A Trip to Indiana Reminds Me of My Roots

Last weekend, my boyfriend and I flew to the Midwest. I had mixed feelings as the plane glided over the Indianapolis Motor Speedway. My family lived very differently than me, with guns and woods and multiple cars per person. But I had also just finished a book, Deer Hunting with Jesus: Dispatches from America’s Class War, that opened my eyes to how needlessly biased I was against my own family and their lifestyle choices.

In other words, I was a liberal trying to reform my judgmental ways. I figured a weekend back there was a perfect opportunity to start.

Highlights from my visit home include the stereotypical:

  • My boyfriend shot a bowling ball in half using my brother’s loud ass rifle in my backyard (my brother was impressed with his shot)
  • We whirled on rides at the county fair and one of us puked after (not me)
  • We thought we heard a bobcat growl while we were camping, but it turned out to be a gigantic house cat in the middle of the woods
  • I ate a famous Gnaw Bone pork tenderloin
Fair Ticket Booth

I surprised myself because throughout the weekend, I felt pangs of longing for this place I can only halfway call home that I hadn’t experienced since I left. My brother raised a beautiful garden full of peppers and melons and tomatoes that made me envious of the amount of space he had to work with. I thought I saw my brother’s eyes tear up when I held his babies, my twin niece (Ella) and nephew (Jack), for the first time. While relaxing on my mom’s deck, with only the birds chirping in the background, we laughed about Jack’s spot-on Robert De Niro “You talkin’ to me?” faces. I got to see my mom and my dad be grandparents for the first time.

I don’t know what any of these feelings mean. I am fresh out of graduation, plus I just turned 29, and I am groping in the dark for answers. What am I going to do with my life? Am I prepared? Should we stay in Washington, D.C., with the coastal elite? Or should we move away from city life so I can reclaim my roots?

Green Peppers

The moment I appreciated most about the visit was when my entire family (grandparents and cousins included) was standing around my aunt’s kitchen and someone asked me what I planned to do next in my life. When I said, “I don’t know. Ask me again in three months,” it felt OK to say that. No one in the room judged me, and not only because they were family. Instead, they smiled. Most of the time, when I say that to people in D.C., I cringe because I feel like I am saying something out of line.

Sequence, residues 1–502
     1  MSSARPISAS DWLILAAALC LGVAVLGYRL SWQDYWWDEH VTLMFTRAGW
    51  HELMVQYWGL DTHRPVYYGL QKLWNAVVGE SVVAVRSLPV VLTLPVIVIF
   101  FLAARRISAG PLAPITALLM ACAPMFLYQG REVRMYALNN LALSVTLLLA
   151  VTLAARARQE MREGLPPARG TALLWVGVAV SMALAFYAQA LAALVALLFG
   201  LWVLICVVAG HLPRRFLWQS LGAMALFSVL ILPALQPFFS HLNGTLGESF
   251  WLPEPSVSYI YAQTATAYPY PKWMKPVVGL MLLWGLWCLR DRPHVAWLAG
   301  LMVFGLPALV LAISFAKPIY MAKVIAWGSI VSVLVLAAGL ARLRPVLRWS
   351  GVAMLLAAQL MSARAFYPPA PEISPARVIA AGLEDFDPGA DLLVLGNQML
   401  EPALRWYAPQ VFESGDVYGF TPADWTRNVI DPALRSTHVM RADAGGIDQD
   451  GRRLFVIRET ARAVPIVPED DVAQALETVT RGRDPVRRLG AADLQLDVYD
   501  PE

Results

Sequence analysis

It was such a relief to be around people who understand that taking life slowly allows you to read the road signs as they appear, rather than whizzing by without noticing them.

Until next time,

Screen Shot 2017-07-21 at 3.49.47 PM

6 thoughts on “A Trip to Indiana Reminds Me of My Roots”

  1. I’m commenting never have on “blog”. You’re so great, hope your trip goes well. Tell Joey hey, guess he can read. Hey Joey, take care of my little girl please. Tiffy remember the time you got stranded and had to walk, your friend at the time had to quit because he got chafed or something. Just remember little about it, funny story. Love you both take care. 😎😉😲🖒

  2. I grew up in New York, but in a very small town surrounded by farms and rolling hills and a lot of other small towns. There are things I miss about it. There’s no traffic. There’s almost no crime. It reconnects me to a time in my life when things were so much simpler–at least they seem that way in retrospect. On the other hand, I now live in a city of 30 thousand–about 30 times bigger than where I grew up–where I feel like I get the best of both worlds: kind of a small town vibe with lots of nature close by, but also lots of culture and innovation. Anyway, great post.

    1. Thanks, Casey! Yeah, it’s a hard balance and hard to decide which is best. But maybe there’s a time in life for each of the two, and who knows, retirement might take me back. 🙂

  3. I suppose one could say I have a bias view, but you nailed it. I’ve never quite be able to formulate the experience you described so eloquently. ❤️❤️❤️❤️

Leave a Reply

Fill in your details below or click an icon to log in:

WordPress.com Logo

You are commenting using your WordPress.com account. Log Out /  Change )

Google photo

You are commenting using your Google account. Log Out /  Change )

Twitter picture

You are commenting using your Twitter account. Log Out /  Change )

Facebook photo

You are commenting using your Facebook account. Log Out /  Change )

Connecting to %s